- Speed: A filesystem which gets written to frequently may become somewhat fragmented. (An effective method of avoiding fragmentation is to ensure that each filesystem is never in danger of filling up completely.) Separate filesystems remain unaffected, and each can be defragmented separately as well.
- Integrity: If one filesystem becomes corrupted, separate filesystems remain unaffected.
- Versatility: Sharing data across several systems becomes more expedient when independent filesystems are used. Separate filesystem types may also be chosen based upon the nature of data and usage.
In this example, we shall use separate partitions for /, /var, /home, and a swap partition.
How big should my partitions be?
This question is best answered based upon individual needs. You may wish to simply create one partition for root and one partition for swap or only one root partition without swap or refer to the following examples and consider these guidelines to provide a frame of reference:
- The root filesystem (/) in the example will contain the /usr directory, which can become moderately large, depending upon how much software is installed. 15-20 GB should be sufficient for most users.
- The /var filesystem will contain, among other data, the ABS tree and the pacman cache. Keeping cached packages is useful and versatile; it provides the ability to downgrade packages if needed. /var tends to grow in size; the pacman cache can grow large over long periods of time, but can be safely cleared if needed. If you are using an SSD, you may wish to locate your /var on an HDD and keep the / and /home partitions on your SSD to avoid needless read/writes to the SSD. 6-8 Gigs on a desktop system should be sufficient for /var. Servers tend to have extremely large /var filesystems.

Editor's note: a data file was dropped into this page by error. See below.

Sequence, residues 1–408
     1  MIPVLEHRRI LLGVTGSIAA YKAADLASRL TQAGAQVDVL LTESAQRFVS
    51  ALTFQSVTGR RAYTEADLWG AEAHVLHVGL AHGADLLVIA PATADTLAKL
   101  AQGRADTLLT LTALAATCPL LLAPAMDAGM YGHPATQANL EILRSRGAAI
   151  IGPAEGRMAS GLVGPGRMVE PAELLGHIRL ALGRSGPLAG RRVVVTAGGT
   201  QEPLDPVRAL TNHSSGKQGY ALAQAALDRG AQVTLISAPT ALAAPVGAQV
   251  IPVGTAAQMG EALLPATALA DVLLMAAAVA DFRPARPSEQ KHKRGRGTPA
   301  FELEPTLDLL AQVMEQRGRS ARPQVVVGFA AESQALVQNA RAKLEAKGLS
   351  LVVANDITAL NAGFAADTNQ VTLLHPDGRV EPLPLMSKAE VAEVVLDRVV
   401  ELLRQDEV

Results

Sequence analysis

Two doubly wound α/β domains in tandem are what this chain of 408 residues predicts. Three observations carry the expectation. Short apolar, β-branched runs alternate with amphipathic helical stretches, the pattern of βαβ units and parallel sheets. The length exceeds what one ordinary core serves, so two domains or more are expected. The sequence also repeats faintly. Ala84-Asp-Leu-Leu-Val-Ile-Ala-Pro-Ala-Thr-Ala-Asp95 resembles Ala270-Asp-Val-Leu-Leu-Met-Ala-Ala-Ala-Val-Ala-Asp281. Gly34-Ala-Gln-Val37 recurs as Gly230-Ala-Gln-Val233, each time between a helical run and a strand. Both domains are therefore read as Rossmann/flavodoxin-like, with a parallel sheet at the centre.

- The /home filesystem is typically where user data, downloads, and multimedia reside. On a desktop system, /home is typically the largest filesystem on the drive by a large margin. Remember that if you chose to reinstall Arch, all the data on your /home partition will be untouched (so long as you have a separate /home partition).
- An extra 25% of space added to each filesystem will provide a cushion for unforeseen occurrence, expansion, and serve as a preventive against fragmentation.